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Tuesday, December 7

Fallujah residents may return home within days

By Gordon Trowbridge | Army Times

CAMP FALLUJAH, Iraq - Military officials will be prepared within days for the return of civilians to the battle-scarred city of Fallujah, and local companies will soon begin clearing the way for reconstruction, the military official responsible for rebuilding efforts said Tuesday.

But the interim Iraqi government will make the final decision on when to reopen the city, said Navy Rear Adm. Raymond Alexander, commander of the 1st Marine Expeditionary Force Engineer Group.

Alexander said engineers estimate 5 percent to 10 percent of the city's buildings, once home to about 200,000 people, was destroyed in fighting between U.S.-led coalition forces and the insurgents who controlled Fallujah for months.

Fallujah is widely seen as a crucial test of U.S. and interim Iraqi government policy in bringing the country's restive Sunni Muslim minority into the political process. Military and government leaders have said they hope to ensure at least some participation from this area, the heart of the insurgency, in national elections scheduled for Jan. 30.

Among reconstruction options, Alexander said, is a plan to recruit out-of-work residents to aid in the effort.

``We can use all the help we can get,'' he said. ``If they come to us and say, `I've got no place to go, nothing to do,' we'll say, `OK, head over to that line. When we have enough, we'll form a work party.'''

But the work would be entirely voluntary, Alexander said, contradicting a Boston Globe report Tuesday that Marine officials could force Iraqi men into the work groups.

``We're not going to force anybody to work,'' Alexander said.

Fallujah is rapidly becoming safe enough for large-scale reconstruction involving Iraqi contractors, and ``security continues to improve daily,'' Alexander said.

First up: Removing debris from the battle. Four Iraqi companies are scheduled to enter the city Saturday to begin clearing hundreds of thousands of cubic yards of rubble from city streets, said Navy Lt. Cmdr. Steven Stefani, a spokesman for the 1st Marine Expeditionary Force Engineer Group.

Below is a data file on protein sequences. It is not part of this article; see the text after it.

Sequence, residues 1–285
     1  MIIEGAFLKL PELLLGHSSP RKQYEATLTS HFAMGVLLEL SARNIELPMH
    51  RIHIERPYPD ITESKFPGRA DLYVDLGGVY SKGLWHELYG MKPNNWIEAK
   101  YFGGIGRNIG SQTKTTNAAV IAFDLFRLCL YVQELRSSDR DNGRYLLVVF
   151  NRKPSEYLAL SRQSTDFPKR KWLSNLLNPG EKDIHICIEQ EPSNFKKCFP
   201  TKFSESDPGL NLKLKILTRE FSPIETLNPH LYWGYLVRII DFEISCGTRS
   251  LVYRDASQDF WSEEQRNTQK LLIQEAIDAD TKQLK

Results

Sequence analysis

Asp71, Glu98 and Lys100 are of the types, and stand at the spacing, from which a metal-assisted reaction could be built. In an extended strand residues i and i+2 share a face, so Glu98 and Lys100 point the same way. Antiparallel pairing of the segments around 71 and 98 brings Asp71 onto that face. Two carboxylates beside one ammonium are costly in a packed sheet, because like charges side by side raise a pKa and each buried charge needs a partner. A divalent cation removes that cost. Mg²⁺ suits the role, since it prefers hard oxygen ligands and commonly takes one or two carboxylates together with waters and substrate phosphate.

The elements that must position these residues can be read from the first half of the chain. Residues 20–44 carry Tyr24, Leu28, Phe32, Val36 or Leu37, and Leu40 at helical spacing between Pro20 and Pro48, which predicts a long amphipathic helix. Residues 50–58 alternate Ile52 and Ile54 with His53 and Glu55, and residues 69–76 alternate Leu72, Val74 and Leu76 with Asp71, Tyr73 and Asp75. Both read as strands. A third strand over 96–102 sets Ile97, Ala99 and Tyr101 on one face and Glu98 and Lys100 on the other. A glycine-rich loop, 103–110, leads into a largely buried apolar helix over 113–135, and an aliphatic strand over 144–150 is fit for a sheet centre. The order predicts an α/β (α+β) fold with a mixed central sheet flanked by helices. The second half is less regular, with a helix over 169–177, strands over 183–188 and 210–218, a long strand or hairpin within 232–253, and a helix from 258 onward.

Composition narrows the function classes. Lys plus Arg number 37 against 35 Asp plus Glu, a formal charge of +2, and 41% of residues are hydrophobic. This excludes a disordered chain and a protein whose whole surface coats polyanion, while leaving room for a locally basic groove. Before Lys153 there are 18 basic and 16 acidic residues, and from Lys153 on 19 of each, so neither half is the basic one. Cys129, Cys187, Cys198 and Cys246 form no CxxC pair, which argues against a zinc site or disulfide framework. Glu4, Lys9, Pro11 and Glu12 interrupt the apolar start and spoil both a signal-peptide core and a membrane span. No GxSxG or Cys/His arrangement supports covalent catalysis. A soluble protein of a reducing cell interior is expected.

As Marine commanders declare city neighborhoods clear of insurgents and weapons, the military will OK those areas for return of civilians, though Iraqi officials will have the final word, Alexander said.

He said he had no way of knowing when that decision might come, but that the military's preparations would be completed in a day or two.

Alexander described a process in which heads of Fallujah households will be allowed into the city to assess damage to their homes. Residents will be directed to entry points around the city, but not allowed to enter unless they carry identification showing a Fallujah address, probably in the form of ration cards issued under Saddam Hussein's regime.

A bus system will return those residents to their neighborhoods, Alexander said. Personal vehicles will not be allowed into the city because of the threat of car bombs.

Military civil affairs teams will be on hand with claim forms for those whose homes suffered damage in the battle.

Alexander said Iraqi government agencies are just beginning to assess the state of the city's water and power systems. He said some ministries are moving quickly, while others are ``maybe not as fast as we'd like.''

He said some areas of the city remain flooded because of broken water mains, but the sewer system is mostly intact.

Fallujah has never had a sewage treatment plant; raw sewage was simply pumped into nearby streams. Alexander said he hopes a local contractor can begin work in January on a treatment plant, a job that could employ 2,000 local workers.